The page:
"The Diary of Anne Frank" is based on the tragic best selling diary of a young girl's real life account of her secret existence under Nazi persecution. After the war breaks out, Anne's prudent father, Otto (Joseph Schildkraut) whisks the family underground to avoid being sent to a concentration camp. Together with another family, the Franks attempt to wait out the prospect of being discovered in a cramped attic adjacent a factory run by the resistance. Anne (Millie Perkins) endures the hardship, danger and sadness of World War II, but never without hope and astonishment for a better tomorrow. Petronella (Shelly Winters) and Hans van Daan (Lou Jacobi) are also in hiding with the Franks and their son, Peter (Richard Beymer). But the bond of loyalty that develops between Peter and Anne is threatened by Hans' greed and distemper.
Despite being forced by Fox to shoot his film in the widescreen process of Cinemascope, director George Stevens nevertheless managed to capture the claustrophobic atmosphere of a regime slowly closing in on the Frank's precarious abode. Stevens, a member of the first American film corps that liberated several Nazi concentration camps with the allies, was appalled by the overwhelming scope of genocide he encountered. His outrage is channeled on this occasion into a poignant, visceral and emotionally stirring production that not only manages to capture the essence of the period, but rightfully preserves the memory of Anne Frank - a young girl, aged well beyond her years, who had the clairvoyance to put onto paper one of the most heartbreaking and genuine accounts of the second world war.
Fox gives us a stunning B&W anamorphic picture with zero film grain, solid blacks, fine detail and remarkable clarity.
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1 of 1 people found the following review helpful By momazon on June 28 2004
Format: DVD
*** SPOILER if you have not read the diary or seen any of its movies yet
Absolutely no scene in movie history is as simultaneously gripping and gently conveyed as the final scene, when Peter Van Damme and Anne Frank hold hands and look out to the sky as the Gestapo beat down their door to take them to a death camp. The adults look down in the direction of the door and stand or sit still and wait for them to enter, resigned to the fact that they just can not escape the fate that the Nazis have assigned to them.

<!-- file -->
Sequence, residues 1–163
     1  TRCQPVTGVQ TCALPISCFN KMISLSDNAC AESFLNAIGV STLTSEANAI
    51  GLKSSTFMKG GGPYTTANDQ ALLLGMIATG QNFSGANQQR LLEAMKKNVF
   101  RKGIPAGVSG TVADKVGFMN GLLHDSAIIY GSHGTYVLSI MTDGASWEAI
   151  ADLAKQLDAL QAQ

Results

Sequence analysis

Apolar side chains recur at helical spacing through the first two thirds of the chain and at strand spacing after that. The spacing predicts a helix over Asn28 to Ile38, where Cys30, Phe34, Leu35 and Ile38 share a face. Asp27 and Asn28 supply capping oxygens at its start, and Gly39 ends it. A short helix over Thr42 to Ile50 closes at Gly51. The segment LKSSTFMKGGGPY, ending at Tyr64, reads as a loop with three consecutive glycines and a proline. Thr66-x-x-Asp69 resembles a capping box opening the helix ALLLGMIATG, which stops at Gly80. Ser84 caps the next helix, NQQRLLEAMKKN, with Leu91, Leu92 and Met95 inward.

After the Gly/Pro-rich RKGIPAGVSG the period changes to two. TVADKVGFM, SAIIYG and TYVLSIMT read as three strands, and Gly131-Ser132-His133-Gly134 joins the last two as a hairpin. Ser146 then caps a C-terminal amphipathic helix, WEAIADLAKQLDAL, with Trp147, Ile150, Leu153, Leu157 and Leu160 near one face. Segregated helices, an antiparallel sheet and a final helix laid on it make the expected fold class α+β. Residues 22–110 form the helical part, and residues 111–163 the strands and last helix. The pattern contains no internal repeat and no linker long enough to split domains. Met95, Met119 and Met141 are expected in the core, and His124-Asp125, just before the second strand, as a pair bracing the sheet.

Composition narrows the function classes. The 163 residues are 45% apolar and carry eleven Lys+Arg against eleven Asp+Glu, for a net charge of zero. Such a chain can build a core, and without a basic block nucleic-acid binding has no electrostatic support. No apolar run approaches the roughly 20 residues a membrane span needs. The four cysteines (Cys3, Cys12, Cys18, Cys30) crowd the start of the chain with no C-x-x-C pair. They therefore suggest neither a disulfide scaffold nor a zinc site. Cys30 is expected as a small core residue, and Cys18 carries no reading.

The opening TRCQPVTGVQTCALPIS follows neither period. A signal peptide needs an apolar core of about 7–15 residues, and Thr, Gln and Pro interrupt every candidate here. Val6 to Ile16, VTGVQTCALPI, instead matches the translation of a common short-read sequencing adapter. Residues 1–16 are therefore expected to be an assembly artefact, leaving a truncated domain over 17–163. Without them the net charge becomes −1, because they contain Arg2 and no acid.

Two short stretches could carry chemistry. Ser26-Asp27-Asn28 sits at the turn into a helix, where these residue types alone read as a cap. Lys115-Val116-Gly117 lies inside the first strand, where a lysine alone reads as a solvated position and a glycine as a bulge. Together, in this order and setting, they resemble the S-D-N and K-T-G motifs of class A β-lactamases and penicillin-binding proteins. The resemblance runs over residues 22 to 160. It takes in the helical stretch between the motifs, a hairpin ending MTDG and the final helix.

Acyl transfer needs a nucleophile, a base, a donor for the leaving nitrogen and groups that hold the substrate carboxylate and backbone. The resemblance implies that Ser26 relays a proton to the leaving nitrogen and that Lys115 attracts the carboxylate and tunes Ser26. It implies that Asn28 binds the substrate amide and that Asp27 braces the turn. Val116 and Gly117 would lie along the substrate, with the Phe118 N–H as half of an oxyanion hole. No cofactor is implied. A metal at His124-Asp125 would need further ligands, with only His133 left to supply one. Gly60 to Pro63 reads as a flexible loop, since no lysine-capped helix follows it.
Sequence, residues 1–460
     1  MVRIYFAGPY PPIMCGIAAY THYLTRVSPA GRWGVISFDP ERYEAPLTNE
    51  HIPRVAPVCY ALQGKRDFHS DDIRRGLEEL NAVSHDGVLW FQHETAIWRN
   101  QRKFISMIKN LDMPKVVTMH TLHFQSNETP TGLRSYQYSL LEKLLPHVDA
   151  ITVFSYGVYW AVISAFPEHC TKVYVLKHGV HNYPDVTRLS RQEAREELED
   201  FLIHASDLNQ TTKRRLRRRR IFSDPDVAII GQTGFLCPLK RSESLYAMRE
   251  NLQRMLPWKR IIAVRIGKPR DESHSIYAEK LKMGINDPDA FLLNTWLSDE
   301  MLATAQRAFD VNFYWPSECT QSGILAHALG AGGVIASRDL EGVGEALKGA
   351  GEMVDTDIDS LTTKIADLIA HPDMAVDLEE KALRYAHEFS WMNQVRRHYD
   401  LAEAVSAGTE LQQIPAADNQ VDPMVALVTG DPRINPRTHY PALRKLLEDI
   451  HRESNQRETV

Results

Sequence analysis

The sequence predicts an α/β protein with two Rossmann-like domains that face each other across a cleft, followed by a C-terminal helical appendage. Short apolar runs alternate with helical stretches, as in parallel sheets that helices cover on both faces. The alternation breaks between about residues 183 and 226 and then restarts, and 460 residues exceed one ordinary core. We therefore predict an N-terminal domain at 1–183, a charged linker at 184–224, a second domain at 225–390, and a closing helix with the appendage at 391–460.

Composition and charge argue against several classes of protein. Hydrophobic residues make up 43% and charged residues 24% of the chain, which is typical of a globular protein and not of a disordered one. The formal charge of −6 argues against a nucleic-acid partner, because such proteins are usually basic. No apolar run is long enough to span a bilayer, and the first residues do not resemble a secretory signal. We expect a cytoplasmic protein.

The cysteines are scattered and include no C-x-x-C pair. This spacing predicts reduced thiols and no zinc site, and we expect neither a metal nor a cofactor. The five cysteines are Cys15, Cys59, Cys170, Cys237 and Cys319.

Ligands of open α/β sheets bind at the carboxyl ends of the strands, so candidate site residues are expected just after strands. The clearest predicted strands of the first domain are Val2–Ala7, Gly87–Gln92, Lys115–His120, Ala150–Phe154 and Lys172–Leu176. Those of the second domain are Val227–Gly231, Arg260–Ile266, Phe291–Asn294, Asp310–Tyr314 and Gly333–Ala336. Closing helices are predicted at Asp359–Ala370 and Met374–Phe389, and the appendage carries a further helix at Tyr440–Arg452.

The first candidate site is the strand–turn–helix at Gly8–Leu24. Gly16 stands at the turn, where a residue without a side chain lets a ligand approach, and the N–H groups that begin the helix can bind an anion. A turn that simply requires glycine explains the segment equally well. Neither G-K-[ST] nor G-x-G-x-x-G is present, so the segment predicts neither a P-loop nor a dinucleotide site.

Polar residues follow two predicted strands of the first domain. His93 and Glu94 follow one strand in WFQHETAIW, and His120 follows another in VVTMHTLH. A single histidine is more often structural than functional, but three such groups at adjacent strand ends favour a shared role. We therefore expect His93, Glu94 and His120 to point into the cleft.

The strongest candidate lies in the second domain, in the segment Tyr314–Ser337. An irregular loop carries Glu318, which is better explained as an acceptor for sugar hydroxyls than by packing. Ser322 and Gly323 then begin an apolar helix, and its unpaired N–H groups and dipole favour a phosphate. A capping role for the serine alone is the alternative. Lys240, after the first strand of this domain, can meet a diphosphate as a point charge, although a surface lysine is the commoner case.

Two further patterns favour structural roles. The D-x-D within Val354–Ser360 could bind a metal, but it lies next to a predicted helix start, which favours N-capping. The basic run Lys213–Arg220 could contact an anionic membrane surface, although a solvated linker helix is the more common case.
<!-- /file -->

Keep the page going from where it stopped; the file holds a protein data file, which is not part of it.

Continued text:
Nobody runs or even speaks, and Otto Frank puts down the newspaper and hands his wife her bag, as if they are going on a trip. Such small simple movments convey such finality for these 7 people who have shared the unimaginable experience of being caged liked animals to escape being killed like animals, because one man in power decided people of their religion and race should not live.
That scene says more than a million car chases and explosions. Watch it and see what I mean.
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1 of 1 people found the following review helpful By Alan W. Armes on June 6 2004
Format: DVD
there was only one reason this monumental film was not awarded the "Best Picture" oscar at the academy awards. that reason is simple; the year of its release. 1959 was an unfortunate year for George Stevens to release this masterpiece of filmmaking, because released that same year was "Ben-Hur". any connesieur of classic films can attest to the magnitude of "Ben-Hur", winner of 11 academy awards. inspite of the legendary status of "Ben-Hur", "The Diary Of Anne Frank" deserves just as much recognition.
"The Diary Of Anne Frank" deserved the oscar just as much if not more than "Ben-Hur". the film was based on the diary written by Anne Frank while she was hiding out in the attic of an old house with her family and several others to avoid Nazi capture during those tragic days of WWII.
the movie is nothing less than monumental and a perfect tribute to Anne Frank and her family. it is nearly 3 hrs. long but easily maintains one's interest throughout.
there exist no words to justly express greatness of this magnificent opus of filmmaking. accolades to George Stevens for giving us this film. and God bless the entire Frank family for continuing to bring hope to the hearts of people globally for over 60 years. AMEN